Zeno's argument of Achilles and the tortoise can be addressed mathematically, as the distance is defined by a specific number. His argument of the flying arrow has been challenged by modern physics, which allows the smallest instants of time to still have a minuscule non-zero duration.[28] Other mathematical ideas, such as internal set theory and nonstandard analysis, may also resolve Zeno's paradoxes.[35] However, there is no definitive agreement on whether solutions to Zeno's arguments have been found.[14]

See also


  1. ^ a b c d e f Vlastos 1995, p. 241.
  2. ^ a b c d e f McGreal 2000.
  3. ^ a b c d e f g h i j Palmer 2021.
  4. ^ a b Strobach 2013, p. 32.
  5. ^ a b c d e Sanday 2009, p. 209.
  6. ^ a b Sanday 2009, p. 210.
  7. ^ a b c d Sherwood 2000.
  8. ^ a b c d Vamvacas 2009, p. 151.
  9. ^ a b c d e Strobach 2013, p. 30.
  10. ^ Vamvacas 2009, p. 137.
  11. ^ a b c d e f g Vamvacas 2009, p. 152.
  12. ^ a b Vamvacas 2009, p. 150.
  13. ^ a b Vlastos 1995, p. 260.
  14. ^ a b c d Vamvacas 2009, p. 156.
  15. ^ Rossetti 1988, pp. 146–147.
  16. ^ Rossetti 1988, p. 148.
  17. ^ Vamvacas 2009, pp. 151–152.
  18. ^ Vlastos 1995, pp. 241–242.
  19. ^ a b Vlastos 1995, p. 242.
  20. ^ Vlastos 1995, pp. 245–246.
  21. ^ Vlastos 1995, p. 255.
  22. ^ a b c d Vlastos 1995, p. 259.
  23. ^ Sanday 2009, p. 211.
  24. ^ Vlastos 1995, p. 248.
  25. ^ a b c d Vamvacas 2009, p. 153.
  26. ^ a b Strobach 2013, p. 31.
  27. ^ Strobach 2013, p. 34.
  28. ^ a b c d Vamvacas 2009, p. 154.
  29. ^ a b Vamvacas 2009, p. 155.
  30. ^ Vlastos 1995, p. 258.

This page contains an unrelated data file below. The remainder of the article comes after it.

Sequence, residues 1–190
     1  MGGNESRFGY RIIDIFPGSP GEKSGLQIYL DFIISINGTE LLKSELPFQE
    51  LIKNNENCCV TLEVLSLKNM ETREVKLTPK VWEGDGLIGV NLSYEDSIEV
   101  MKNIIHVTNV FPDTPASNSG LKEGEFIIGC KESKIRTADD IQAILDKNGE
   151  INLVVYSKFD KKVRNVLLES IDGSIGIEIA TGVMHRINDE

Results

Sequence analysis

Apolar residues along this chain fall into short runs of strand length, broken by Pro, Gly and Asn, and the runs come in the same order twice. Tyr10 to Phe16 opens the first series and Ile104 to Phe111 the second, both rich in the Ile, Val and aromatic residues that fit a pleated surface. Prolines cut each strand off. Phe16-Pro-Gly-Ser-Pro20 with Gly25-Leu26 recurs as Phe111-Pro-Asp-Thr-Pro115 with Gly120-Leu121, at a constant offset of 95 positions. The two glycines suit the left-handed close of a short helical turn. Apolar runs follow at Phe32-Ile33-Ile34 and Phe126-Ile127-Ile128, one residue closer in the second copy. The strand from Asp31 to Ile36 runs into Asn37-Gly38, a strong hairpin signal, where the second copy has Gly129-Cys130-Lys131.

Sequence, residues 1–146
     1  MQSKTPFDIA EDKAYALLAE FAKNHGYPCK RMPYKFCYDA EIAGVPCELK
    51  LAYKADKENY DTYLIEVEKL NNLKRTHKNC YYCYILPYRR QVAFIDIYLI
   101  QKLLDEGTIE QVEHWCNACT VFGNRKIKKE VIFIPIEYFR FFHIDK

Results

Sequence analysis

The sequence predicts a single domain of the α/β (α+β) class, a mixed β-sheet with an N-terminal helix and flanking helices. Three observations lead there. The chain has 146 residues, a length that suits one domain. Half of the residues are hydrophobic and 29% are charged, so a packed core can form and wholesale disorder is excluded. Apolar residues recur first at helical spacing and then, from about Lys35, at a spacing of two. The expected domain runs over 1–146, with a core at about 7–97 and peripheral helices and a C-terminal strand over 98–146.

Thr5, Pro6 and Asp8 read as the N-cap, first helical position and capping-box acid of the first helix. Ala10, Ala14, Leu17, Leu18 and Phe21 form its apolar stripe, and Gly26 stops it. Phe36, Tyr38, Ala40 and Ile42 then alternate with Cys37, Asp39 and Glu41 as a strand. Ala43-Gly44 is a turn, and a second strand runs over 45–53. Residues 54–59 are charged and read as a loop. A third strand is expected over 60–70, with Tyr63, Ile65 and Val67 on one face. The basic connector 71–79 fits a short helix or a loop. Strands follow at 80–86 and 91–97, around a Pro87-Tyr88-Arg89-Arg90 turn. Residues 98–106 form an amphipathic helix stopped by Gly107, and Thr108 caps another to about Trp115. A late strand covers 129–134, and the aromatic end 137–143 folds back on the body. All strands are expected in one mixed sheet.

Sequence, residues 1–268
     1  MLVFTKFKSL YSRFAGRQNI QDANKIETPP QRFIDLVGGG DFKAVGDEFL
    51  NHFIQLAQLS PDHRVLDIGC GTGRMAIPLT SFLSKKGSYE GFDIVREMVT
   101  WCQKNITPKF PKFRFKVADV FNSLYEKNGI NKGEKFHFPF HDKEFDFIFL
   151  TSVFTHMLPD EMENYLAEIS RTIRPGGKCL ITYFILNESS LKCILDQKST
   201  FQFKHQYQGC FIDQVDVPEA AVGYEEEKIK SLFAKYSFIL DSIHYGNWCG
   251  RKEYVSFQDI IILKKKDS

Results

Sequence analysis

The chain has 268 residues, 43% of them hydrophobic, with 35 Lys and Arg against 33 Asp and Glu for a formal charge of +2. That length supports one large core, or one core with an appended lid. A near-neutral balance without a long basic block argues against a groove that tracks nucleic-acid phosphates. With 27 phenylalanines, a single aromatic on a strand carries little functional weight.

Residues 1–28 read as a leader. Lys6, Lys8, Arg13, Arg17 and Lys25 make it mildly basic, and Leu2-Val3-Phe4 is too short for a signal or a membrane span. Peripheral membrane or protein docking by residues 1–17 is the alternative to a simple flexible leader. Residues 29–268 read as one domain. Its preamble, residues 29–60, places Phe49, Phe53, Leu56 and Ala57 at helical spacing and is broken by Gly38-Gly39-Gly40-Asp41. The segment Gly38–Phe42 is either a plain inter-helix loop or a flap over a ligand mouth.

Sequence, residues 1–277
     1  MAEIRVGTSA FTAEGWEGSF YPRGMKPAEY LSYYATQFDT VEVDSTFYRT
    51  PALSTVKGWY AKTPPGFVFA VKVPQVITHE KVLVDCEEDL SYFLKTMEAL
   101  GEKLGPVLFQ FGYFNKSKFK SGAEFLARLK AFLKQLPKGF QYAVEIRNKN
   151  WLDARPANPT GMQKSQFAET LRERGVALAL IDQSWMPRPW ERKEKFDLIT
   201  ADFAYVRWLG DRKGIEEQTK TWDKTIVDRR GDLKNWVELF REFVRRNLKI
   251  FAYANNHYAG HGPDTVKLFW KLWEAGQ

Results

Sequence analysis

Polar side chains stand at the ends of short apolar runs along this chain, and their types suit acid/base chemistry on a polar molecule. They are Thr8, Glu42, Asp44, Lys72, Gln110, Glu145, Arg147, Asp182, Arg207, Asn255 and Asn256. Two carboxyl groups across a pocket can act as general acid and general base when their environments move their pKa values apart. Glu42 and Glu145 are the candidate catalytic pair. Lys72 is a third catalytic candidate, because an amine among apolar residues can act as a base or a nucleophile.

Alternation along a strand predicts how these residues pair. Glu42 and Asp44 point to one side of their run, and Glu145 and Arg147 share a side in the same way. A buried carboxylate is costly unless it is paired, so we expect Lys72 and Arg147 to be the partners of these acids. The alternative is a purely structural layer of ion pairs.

31. ^ Boyer, Carl B.; Merzbach, Uta C. (2011). A History of Mathematics (Third ed.). Hoboken, New Jersey: John Wiley & Sons. p. 538. ISBN 978-0-470-52548-7. Ever since the days of Zeno, men had been talking about infinity,...
  32. ^ Anastopoulos, Charis (2023). Quantum Theory: A Foundational Approach (1st ed.). Cambridge University Press. p. 213. ISBN 978-1-009-00840-2.
  33. ^ W.M.Itano; D.J. Heinsen; J.J. Bokkinger; D.J. Wineland (1990). "Quantum Zeno effect" (PDF). Physical Review A. 41 (5): 2295–2300. Bibcode:1990PhRvA..41.2295I. doi:10.1103/PhysRevA.41.2295. PMID 9903355. Archived from the original (PDF) on 2004-07-20. Retrieved 2004-07-23.
  34. ^ Paul A. Fishwick, ed. (1 June 2007). "15.6 "Pathological Behavior Classes" in chapter 15 "Hybrid Dynamic Systems: Modeling and Execution" by Pieter J. Mosterman, The Mathworks, Inc.". Handbook of dynamic system modeling. Chapman & Hall/CRC Computer and Information Science (hardcover ed.). Boca Raton, Florida, USA: CRC Press. pp. 15–22 to 15–23. ISBN 978-1-58488-565-8. Retrieved 2010-03-05.
  35. ^ Vamvacas 2009, p. 157.


Further reading